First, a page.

Infographic: The Year in News 2016
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The Year in News 2016

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The Year in News 2016

The Year in News 2016

As an election year, 2016 was unequivocally political in nature.

It seemed like Donald Trump, Wikileaks, and so-called “fake news” dominated headlines throughout the year, regardless of what was going on in the world.

But how did the news cycle actually break down from a quantitative perspective?

For the second year in a row, we look to Echelon Insights for their infographic that analyzes the year’s news based on data from over two billion tweets.

Trumping the Conversation

While it is certainly no surprise that Donald Trump dominated the majority of political conversations, the actual numbers help to provide more clarity to this claim.

Trump consistently accounted for about 40-60% of the share of candidate mentions for the majority of the year leading up to the election, even during the primaries. Most of the time, this was roughly double that of Hillary Clinton’s share of mentions.

After November 8th, Trump mentions skyrocketed to make up nearly 80% of all candidate mentions.

Even though many of these mentions were of the negative variety, Trump proved that all publicity is good publicity. Trump’s statements got non-stop media coverage and social engagement, giving the Trump campaign a name recognition and mind share advantage. And ultimately, despite several controversial statements, this allowed his key messages to get relayed to the electorate where they were needed.

WikiLeaked

Hillary Clinton and the DNC also received no shortage of bad press – and these ended up being the two most-talked about “scandals” of the year by Twitter users in the U.S.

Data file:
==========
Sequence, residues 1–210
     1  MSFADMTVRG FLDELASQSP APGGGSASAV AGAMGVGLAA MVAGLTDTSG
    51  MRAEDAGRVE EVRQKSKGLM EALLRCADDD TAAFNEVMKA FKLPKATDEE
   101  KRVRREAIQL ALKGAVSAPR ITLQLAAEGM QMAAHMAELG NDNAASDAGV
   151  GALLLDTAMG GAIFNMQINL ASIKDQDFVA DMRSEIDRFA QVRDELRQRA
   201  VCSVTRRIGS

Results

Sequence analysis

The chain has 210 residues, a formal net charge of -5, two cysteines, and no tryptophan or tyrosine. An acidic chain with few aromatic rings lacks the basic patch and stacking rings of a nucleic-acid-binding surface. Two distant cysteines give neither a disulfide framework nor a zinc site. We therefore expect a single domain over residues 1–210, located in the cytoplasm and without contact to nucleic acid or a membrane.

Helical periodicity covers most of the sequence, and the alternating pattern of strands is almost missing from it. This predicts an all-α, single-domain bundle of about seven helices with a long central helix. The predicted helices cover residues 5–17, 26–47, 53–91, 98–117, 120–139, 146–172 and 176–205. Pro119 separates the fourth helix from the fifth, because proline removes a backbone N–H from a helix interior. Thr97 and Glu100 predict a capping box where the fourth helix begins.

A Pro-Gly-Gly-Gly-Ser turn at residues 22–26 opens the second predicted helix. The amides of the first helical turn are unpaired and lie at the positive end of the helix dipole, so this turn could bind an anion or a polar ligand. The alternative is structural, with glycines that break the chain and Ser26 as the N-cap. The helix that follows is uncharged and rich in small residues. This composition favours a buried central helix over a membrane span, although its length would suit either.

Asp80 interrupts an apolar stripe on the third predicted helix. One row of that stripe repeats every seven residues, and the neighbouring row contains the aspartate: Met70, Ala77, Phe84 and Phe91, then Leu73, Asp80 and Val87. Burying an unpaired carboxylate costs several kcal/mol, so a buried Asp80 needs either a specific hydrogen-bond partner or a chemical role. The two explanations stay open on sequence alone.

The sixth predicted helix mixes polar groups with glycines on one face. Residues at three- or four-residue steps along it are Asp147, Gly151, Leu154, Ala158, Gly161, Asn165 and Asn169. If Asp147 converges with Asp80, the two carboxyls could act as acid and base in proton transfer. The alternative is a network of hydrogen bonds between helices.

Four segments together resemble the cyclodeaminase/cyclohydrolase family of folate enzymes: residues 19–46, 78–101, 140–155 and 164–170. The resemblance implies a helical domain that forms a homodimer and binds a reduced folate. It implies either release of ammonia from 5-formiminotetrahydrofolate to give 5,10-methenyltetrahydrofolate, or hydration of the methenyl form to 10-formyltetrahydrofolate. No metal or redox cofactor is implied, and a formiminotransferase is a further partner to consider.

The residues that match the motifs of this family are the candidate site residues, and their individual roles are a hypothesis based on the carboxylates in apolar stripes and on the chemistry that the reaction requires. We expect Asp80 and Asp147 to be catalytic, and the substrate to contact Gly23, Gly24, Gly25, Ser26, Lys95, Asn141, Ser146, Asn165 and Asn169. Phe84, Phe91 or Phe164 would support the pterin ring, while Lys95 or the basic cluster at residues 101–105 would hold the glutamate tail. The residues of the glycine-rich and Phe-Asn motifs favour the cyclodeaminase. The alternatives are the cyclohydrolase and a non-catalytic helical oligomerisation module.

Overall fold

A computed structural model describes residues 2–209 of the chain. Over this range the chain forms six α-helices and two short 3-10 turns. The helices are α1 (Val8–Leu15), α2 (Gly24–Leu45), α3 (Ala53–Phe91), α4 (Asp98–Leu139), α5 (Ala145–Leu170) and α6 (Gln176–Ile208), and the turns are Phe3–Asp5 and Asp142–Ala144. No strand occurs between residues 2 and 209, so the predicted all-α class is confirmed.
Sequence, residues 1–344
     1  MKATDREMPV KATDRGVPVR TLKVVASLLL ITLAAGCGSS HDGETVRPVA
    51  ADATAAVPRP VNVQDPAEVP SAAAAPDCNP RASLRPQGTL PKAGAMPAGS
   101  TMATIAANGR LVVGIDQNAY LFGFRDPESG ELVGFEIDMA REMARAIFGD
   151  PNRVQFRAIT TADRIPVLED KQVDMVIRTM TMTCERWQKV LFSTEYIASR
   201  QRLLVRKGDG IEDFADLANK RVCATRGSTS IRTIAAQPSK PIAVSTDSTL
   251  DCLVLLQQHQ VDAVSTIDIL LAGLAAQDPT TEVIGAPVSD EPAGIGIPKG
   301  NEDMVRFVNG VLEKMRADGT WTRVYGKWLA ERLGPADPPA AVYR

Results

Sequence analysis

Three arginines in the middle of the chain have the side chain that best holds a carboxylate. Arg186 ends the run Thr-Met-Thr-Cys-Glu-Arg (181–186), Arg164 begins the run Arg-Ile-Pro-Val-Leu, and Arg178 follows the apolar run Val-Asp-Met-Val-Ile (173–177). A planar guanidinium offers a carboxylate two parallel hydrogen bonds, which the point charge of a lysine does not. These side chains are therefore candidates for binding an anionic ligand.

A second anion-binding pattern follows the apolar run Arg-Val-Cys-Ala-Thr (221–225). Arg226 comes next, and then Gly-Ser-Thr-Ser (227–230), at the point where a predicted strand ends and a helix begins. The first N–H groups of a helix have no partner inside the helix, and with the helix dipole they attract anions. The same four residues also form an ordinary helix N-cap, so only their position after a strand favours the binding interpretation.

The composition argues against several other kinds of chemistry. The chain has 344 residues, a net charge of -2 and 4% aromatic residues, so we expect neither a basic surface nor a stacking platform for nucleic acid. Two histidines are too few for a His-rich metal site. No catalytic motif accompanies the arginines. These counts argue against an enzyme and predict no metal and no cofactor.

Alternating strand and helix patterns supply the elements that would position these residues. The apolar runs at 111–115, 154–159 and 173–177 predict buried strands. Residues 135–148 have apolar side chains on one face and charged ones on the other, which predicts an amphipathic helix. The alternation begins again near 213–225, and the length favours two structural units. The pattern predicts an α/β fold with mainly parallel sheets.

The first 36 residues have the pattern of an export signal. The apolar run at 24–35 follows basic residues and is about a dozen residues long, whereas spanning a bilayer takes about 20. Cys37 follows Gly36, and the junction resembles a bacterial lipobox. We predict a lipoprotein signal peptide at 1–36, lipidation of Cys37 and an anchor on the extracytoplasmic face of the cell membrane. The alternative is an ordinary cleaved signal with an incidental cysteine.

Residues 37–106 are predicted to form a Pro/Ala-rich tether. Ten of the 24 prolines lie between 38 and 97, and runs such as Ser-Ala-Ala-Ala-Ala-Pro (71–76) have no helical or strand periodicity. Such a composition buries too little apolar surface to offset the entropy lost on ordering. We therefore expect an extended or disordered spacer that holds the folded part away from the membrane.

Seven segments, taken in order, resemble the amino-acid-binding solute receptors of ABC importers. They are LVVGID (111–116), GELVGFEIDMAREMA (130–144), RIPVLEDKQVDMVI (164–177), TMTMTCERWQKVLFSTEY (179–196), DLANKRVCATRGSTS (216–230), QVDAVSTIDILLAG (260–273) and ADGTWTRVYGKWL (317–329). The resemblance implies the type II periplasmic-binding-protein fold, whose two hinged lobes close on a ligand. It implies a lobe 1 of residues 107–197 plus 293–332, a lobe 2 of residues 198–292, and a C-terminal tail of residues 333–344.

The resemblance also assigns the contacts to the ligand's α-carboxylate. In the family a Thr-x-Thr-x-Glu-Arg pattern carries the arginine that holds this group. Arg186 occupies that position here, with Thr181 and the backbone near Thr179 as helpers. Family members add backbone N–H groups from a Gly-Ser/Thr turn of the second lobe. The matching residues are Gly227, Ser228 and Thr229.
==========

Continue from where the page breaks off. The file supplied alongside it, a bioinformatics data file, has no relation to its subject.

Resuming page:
Here are the top 10 political controversies, and their number of mentions in 2016:

  1. WikiLeaks/Hacking: 33,083,038
  2. Clinton’s Emails: 21,123,778
  3. Deplorables: 5,989,433
  4. Electoral College: 5,330,993
  5. Trump Tapes: 5,212,502
  6. Voter Fraud: 4,789,013
  7. Abedin/Weiner: 3,758,636
  8. Fake News: 3,358,189
  9. Steve Bannon: 3,108,580
  10. Trump’s Taxes: 2,688,991

The original DNC leak from WikiLeaks in late-July prompted the resignation of DNC Chair Debbie Wasserman Schultz over allegations of the DNC undermining the Bernie Sanders campaign.

Meanwhile, the 50,000 emails from John Podesta were made available to the public in smaller tranches in October and November. The end result of this smart release strategy was that WikiLeaks and the hacks stayed in the news throughout the year, making it the top political controversy story (in terms of U.S. tweets) in 2016.

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Politics

This is How Much NATO Countries Spend on Defense

How much does each country in the military alliance contribute to NATO defense spending? We break it down with this map.

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Visualizing the Defense Spending of Each NATO country

This Is How Much NATO Countries Spend on Defense

The North Atlantic Treaty Organization (NATO) exists for the sole purpose of facilitating a political and military alliance between almost 30 countries. All are obligated to one another in times of war, but some countries have much stronger militaries and defense systems than others.

Using data from NATO, this map reveals what each NATO member country spends on its own national defense.

Note: Numbers are 2021 projections.

Biggest NATO Defense Spenders

The U.S. spends more on defense than any other NATO country.

According to the 2021 estimates, U.S. defense spending will be close to $811 billion this year. On the other hand, the defense spending of all other NATO countries combined is projected to be $363 billion, meaning the U.S. will outspend all other countries by a whopping $448 billion.

RankCountryMillions (USD) 2021pChange (2014-2021)